Looking to enhance your content marketing plan based on the information you gather at live events? Don’t miss Content Marketing World 2014, September 8–11, 2014. Register today! 

Cover image by Ryan McGuire-Bells Design, via Gratisography

Author: Mark Walker

Mark Walker is a blogger, speaker and the UK content marketing and social media manager at Eventbrite. He prides himself on always delivering both business results and genuine value to his audience; and on learning something new every day. You can get his 14-point checklist for consistently creating brilliant content at his blog WeLiveContent and connect with him on Twitter @jfdimark or on LinkedIn.

Other posts by Mark Walker

  • http://www.RobToth.com/ Rob TheGenie Toth

    I’ve produced my own events as “turbo networking” (everyone attending instantly met me and learned of my background, services etc) and instant relevance and increased credibility (by inviting top level speakers, it boosted my brand’s credibility by association).

    It was also a content creation gear (the speaker footage was filmed… which allows for long form videos, short tips as video snippets, “podcasts” as audio versions, key content being transcribed out into articles and similar).

    I’ve also held other smaller group masterminds with industry key contacts (and still do). These allowed for a lot of private, behind-the-scenes talks with A-players.

    Finally, I hosted many casual appies/drinks networking events at unique locations for 12-30 sized groups for, again, terrific insights and new deals etc.

    As you mention in your article though… events (whether attending or producing, and especially if producing) are a serious time drain.

    So having an action plan to be able to gain a positive ROI from this time/energy drain is important.

    My assistant keeps a log of all industry and a few other parallel indutries’ events. We enter those into the calendar and update as the event producers announce dates and venues… and then plan accordingly to minimize travel time and maximize networking.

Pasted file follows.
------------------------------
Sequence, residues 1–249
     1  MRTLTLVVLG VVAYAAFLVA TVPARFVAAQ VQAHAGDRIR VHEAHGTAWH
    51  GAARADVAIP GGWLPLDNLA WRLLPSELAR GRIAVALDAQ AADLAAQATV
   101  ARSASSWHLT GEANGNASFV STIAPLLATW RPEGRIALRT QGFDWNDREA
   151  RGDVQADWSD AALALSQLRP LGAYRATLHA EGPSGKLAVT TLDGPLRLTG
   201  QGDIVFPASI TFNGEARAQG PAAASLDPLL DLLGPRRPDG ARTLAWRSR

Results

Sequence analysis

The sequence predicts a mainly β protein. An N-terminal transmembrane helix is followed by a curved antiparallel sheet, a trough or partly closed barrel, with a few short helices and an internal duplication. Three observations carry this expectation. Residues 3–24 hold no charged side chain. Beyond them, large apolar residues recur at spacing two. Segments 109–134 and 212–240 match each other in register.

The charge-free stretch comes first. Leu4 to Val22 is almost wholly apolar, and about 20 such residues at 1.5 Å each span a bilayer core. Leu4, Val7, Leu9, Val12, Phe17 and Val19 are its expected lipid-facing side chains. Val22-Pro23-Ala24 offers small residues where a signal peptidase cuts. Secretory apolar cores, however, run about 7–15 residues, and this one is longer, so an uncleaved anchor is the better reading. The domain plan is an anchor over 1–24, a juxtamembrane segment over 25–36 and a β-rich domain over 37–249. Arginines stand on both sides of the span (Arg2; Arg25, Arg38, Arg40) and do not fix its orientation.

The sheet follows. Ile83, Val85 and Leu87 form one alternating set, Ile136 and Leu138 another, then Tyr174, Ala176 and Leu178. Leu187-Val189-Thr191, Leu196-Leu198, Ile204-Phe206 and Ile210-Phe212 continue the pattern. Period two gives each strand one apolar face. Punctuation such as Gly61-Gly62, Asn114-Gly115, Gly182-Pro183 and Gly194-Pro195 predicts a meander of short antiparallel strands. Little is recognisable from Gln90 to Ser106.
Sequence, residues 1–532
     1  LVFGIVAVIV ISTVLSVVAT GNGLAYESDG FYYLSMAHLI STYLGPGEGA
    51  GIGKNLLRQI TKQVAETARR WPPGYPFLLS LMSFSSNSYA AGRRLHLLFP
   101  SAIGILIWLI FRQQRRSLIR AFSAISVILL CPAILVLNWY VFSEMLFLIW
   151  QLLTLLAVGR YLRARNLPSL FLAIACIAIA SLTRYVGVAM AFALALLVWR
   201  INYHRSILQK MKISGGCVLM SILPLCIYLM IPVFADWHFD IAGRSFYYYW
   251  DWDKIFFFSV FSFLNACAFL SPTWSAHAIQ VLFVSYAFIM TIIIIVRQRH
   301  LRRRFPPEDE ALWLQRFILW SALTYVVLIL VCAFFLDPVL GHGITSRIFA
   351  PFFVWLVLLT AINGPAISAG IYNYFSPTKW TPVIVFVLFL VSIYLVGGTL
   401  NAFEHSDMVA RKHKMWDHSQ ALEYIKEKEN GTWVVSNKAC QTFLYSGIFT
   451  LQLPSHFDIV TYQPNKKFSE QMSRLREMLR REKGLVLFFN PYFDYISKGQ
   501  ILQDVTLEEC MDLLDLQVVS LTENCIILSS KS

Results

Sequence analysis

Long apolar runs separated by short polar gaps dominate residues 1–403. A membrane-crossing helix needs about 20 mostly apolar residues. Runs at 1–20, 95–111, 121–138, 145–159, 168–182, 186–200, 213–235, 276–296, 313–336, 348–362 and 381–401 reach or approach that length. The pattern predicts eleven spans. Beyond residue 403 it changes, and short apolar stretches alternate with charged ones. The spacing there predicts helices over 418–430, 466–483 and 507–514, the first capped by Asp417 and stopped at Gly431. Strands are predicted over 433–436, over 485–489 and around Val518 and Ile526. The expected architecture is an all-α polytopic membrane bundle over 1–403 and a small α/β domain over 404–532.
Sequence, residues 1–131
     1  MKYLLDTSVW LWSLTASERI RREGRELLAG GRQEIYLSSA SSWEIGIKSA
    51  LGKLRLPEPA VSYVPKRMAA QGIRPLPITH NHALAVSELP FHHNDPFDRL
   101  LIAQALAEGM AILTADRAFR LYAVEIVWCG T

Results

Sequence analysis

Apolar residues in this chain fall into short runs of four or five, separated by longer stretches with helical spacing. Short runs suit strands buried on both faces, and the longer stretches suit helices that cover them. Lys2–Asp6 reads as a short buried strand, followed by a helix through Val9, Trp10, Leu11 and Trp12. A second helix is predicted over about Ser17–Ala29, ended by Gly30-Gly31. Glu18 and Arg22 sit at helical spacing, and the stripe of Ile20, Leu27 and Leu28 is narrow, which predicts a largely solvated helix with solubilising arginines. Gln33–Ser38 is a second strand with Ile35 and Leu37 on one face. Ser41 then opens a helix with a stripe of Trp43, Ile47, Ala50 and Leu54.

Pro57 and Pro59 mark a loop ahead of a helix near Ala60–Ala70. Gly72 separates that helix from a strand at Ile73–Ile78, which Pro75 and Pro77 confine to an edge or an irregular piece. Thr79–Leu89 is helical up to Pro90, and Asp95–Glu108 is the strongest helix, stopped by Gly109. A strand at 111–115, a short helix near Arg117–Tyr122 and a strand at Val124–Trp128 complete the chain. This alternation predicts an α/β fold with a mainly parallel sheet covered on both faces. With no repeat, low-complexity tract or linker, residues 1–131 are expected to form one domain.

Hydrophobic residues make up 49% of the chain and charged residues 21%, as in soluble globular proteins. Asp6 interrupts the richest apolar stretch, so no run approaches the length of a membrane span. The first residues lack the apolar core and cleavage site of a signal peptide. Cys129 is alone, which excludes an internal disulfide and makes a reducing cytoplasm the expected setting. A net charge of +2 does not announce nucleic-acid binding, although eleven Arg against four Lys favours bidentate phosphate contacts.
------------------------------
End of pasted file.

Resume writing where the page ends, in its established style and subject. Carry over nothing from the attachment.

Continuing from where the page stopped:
>> Just make sure you have a pad and pen handy to take notes.

    Pad and pen? You don’t mean that literally, right? :-)

    • http://blog.eventbrite.co.uk Mark Walker

      Thanks Rob for sharing your strategy to get the most out of events, it sounds like you’re pretty on top of it!

      Pad and pen – honestly I’m pretty old school so I do mean it literally, but iPad and probably Google Glass would work too!

  • http://www.karenhenry.com Karen Henry

    Great tips, thanks Mark.

    Good to be aware that industry events are great for identifying ‘pain points’ and zeitgeist trends in a sector, it’s easy to be overwhelmed by information overload and forget to record these.

    I love the idea also of interviewing “ordinary” people as well as presenters, it would make for a vox pop that people can really relate to.

    Confession: I use pen and paper too. :)

  • http://www.gazo4.org/ gazo

    I enjoyed your post. I think emotions play a massive part in building inspiring and effective teams and I recently blogged on the secret sauce of team work. Rather than repeat it here I thought I’d post the link and I’d be very interested in your thoughts.
    friv 2 | Z6

  • Lauri Flaquer

    Great info. Thank you for this terrific advice. What you are writing about here really works. I once blogged and posted so many times while at the event, that I was able to show up number three on Google for the event. I kept sending out valuable content on each break and my rank kept rising.
    The interesting benefit was that I retained so much from that event because I immediately solidified the new learning by rewriting it in chunks.
    As far as I’m concerned events are relationship building meccas. The strangers I meet at today’s events are the same people I service as tomorrow’s customers.
    Thank you for a fabulous piece.